The world still struggles to see Black women as heroes. Black female-led films almost always perform well, but that fact continues to surprise studios, who seem convinced that an audience for films like The Woman King doesn’t exist.
Even Marvel Studios is taking its sweet time with its push for diverse stories. Their cinematic universe has been dominating for a decade and change, but it’s only now, in their 15th year, that a Black heroine is taking center stage. That can be frustrating for fans, especially considering that one indie drama already accomplished what bigger studios are reluctant to try.
Fast Color is the epitome of everything Marvel wants to juggle alongside its action spectacle. It has a complex emotional story, and it puts nuanced women of color at its center. It’s decidedly light on action and spectacle, a symptom of its smaller budget but not a detriment to a story that’s left with more room for drama. Director Julia Hart, along with her co-writer and producer Jordan Horowitz, strip the superhero origin story down to its spare parts. In fact, Fast Color isn’t really a superhero movie at all, but a family drama that uses genre tropes to explore generational trauma, heartbreak, and inner strength.
Fast Color sets its story in the heart of a near-future dystopia. The world is suffering a drought with no end, and Middle America’s been hit the hardest. It’s in this world that Ruth (Gugu Mbatha-Raw) has lived, albeit on the margins. She and all the women in her family were born with a unique talent that allows them to telepathically disassemble and reassemble objects. Ruth’s mother called it a parlor trick, but this power also produces a strange, vibrant aftereffect dubbed “the colors” only they can see.
Ruth is the only family member who’s struggled with this gift. She can’t see the colors, and her powers are manifesting earth-rattling tremors that have made her a target of a mystic government agency. She’s spent years on the run from scientists desperate to experiment on her, but with resources running low and no more allies to turn to, she’s forced to seek shelter in the one place she swore she’d never see again: home.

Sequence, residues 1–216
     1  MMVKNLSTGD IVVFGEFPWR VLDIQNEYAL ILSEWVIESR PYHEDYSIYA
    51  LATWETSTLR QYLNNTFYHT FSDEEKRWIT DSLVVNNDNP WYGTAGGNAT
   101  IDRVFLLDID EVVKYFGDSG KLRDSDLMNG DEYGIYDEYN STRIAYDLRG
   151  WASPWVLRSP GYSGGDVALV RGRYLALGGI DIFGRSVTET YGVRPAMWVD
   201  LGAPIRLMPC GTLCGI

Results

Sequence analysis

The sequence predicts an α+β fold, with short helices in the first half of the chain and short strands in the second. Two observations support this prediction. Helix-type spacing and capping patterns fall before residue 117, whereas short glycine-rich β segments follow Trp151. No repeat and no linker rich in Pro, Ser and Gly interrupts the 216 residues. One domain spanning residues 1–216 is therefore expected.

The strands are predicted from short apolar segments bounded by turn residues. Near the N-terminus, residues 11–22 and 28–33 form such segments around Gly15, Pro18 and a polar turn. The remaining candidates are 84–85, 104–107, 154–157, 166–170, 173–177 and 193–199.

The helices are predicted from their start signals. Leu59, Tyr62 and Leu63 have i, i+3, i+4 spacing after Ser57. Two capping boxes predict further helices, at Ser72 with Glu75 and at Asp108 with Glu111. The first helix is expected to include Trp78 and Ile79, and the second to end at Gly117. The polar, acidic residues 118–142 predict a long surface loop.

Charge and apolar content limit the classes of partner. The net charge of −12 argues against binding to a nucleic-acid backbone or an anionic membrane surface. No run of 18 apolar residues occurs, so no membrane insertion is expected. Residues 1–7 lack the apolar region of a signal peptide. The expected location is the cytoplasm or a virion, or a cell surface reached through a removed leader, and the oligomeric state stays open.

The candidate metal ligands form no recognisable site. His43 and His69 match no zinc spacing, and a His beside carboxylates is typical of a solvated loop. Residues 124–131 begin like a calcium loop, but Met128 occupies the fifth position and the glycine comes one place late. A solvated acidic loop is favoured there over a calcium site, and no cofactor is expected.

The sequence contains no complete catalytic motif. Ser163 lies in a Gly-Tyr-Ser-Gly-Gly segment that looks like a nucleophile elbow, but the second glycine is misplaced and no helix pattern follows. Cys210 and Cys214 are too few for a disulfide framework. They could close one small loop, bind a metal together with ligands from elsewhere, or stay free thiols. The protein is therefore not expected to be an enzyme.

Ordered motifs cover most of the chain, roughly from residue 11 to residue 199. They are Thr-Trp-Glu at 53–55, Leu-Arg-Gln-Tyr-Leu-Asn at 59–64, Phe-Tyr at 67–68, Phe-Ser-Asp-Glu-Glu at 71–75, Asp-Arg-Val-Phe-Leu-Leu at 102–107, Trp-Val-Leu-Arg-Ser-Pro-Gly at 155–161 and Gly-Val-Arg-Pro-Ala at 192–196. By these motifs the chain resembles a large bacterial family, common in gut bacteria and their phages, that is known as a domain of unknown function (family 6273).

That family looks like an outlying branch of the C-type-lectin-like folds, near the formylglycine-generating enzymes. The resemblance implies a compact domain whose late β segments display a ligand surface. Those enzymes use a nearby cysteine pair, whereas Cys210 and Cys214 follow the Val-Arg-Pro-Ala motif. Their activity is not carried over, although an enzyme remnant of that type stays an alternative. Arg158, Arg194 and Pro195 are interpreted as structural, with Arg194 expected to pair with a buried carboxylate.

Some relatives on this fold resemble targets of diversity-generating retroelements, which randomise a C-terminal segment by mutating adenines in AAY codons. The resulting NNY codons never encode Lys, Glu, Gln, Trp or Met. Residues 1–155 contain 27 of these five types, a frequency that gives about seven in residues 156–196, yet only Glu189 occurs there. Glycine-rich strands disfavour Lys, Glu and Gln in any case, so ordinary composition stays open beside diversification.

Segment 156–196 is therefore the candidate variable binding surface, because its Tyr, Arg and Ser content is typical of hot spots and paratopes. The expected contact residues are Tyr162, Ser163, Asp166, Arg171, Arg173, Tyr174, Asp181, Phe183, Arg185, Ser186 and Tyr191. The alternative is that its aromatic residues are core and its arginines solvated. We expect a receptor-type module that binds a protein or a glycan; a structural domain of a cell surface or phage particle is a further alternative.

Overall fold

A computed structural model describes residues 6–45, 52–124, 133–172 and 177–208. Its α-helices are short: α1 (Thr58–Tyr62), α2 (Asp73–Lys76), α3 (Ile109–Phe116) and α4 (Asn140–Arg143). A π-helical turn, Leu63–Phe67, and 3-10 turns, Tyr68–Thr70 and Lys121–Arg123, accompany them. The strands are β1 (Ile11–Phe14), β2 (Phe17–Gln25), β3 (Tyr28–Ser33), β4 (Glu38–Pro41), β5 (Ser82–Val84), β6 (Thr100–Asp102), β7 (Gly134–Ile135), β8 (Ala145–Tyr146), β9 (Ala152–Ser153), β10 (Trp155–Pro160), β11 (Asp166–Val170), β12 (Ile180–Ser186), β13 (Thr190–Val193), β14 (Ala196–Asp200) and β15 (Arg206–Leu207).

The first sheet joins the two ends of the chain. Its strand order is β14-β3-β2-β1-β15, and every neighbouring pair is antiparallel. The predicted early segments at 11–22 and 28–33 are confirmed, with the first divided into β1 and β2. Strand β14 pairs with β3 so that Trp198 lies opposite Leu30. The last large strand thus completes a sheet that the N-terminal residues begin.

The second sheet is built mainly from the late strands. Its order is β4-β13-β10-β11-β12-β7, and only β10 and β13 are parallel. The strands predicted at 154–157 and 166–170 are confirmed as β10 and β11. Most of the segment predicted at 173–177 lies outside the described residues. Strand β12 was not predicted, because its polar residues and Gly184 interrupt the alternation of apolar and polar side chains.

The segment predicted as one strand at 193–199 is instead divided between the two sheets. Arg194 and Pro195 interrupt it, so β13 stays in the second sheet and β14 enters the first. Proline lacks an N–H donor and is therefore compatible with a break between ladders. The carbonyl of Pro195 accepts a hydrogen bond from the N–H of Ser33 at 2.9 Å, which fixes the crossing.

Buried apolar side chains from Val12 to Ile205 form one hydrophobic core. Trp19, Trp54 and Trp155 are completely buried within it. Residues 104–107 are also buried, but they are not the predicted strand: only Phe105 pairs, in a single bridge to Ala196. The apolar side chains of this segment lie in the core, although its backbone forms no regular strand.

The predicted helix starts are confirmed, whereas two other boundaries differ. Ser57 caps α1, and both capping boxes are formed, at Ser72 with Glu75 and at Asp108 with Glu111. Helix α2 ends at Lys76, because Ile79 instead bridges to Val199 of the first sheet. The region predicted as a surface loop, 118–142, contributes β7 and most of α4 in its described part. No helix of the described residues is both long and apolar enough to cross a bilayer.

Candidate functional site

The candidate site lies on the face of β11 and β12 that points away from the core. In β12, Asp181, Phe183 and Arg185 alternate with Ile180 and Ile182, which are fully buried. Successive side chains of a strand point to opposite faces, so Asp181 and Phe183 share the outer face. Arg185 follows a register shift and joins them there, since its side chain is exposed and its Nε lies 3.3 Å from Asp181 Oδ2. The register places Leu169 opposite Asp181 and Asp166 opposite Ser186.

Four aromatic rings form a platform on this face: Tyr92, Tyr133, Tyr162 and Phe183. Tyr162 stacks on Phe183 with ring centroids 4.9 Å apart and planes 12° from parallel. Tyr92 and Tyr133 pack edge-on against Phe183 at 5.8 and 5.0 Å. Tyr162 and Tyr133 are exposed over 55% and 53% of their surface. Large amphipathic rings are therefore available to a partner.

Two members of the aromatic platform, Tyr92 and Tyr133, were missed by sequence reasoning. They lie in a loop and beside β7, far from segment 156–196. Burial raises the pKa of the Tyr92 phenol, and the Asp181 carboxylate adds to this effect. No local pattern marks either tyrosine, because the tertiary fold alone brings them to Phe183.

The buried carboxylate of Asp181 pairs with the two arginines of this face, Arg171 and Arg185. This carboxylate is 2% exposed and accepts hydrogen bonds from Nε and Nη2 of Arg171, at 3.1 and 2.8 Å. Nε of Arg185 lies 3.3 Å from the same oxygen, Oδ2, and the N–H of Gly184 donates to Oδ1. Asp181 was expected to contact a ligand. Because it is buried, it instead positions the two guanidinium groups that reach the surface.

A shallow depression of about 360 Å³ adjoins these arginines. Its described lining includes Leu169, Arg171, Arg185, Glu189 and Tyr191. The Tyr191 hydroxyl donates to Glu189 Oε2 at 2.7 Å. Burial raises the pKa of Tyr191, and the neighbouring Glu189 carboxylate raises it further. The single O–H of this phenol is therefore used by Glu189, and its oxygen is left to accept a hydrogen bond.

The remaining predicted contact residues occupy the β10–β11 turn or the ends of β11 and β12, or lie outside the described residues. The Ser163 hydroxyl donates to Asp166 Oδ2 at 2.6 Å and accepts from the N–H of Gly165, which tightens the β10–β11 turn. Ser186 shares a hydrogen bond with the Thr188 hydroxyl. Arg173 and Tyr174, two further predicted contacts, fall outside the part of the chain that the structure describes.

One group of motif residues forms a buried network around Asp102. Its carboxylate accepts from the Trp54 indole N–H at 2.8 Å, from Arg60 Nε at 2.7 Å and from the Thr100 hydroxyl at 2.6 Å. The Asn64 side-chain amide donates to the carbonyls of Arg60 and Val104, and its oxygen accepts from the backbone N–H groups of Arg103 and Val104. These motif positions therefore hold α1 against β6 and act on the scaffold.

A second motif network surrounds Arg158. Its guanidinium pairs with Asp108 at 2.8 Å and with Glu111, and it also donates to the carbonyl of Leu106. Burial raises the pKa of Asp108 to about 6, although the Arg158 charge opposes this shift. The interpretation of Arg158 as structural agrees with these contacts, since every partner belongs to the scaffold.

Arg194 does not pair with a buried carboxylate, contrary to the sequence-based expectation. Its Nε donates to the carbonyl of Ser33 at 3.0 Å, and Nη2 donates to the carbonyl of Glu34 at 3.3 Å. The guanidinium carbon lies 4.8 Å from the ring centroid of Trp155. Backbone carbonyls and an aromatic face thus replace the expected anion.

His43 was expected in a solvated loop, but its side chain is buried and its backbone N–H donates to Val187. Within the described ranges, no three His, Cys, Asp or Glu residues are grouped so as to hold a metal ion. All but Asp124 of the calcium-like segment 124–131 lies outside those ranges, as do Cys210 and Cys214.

The action comes in brief spurts, but the film’s propulsive tension lives in every scene. Things slow way down once Ruth returns to her family home, a farmhouse in the middle of nowhere. But it’s just as well, as Fast Color takes on a real emotional richness with the introduction of Bo (Toussaint), Ruth’s estranged mother, and Lila (Saniyya Sydney), the daughter Ruth left in her care.
It’s here, on the land her matriarchs have occupied for generations, that Ruth attempts to repair her fractured relationships. But starting over fresh won’t undo all the pain she left behind, or the pain she caused by leaving. If something’s broken, it stays broken. That’s the unofficial family mantra, and it covers a multitude of sins.
Whether it’s broken glass or a broken relationship, the family home is overflowing with a messy history. But the abilities that connect Ruth’s family have also cut them off from the world, and most of them have lived their whole lives in seclusion. Ruth, however, still has a major target on her back, which means the world may soon be coming to them.
The less said about the actual plot, the better. Fast Color is primarily a vehicle for Mbatha-Raw and Toussaint, two underrated actresses who tap into something brilliant together. In anyone else’s hands, their performances might have taken a backseat to a CGI-laden spectacle, but Hart knows what to keep her focus on.
Fast Color is a little hindered by its lack of resources. Compared to other superhero fare, even projects with half the budget of Marvel or DC, the film comes off as modest. That Hart and Horowitz struggled to find financing and distribution for the project is telling. Multiple studios felt Fast Color wouldn’t find an audience, which effectively doomed the film to obscurity.
Five years later, though, Fast Color is enjoying a minor reappraisal. The film has so much to say about power, responsibility, and the tense inner lives of mothers and daughters. It’s a shame it feels like a prelude to something bigger, but it’s still worth the watch for its knock-out performances and lived-in production value. As a palette cleanser for Marvel’s breathless assembly line of Content, it reveals what’s still possible within the superhero genre, and what happens when the industry’s most overlooked artists get a chance to tell a good story.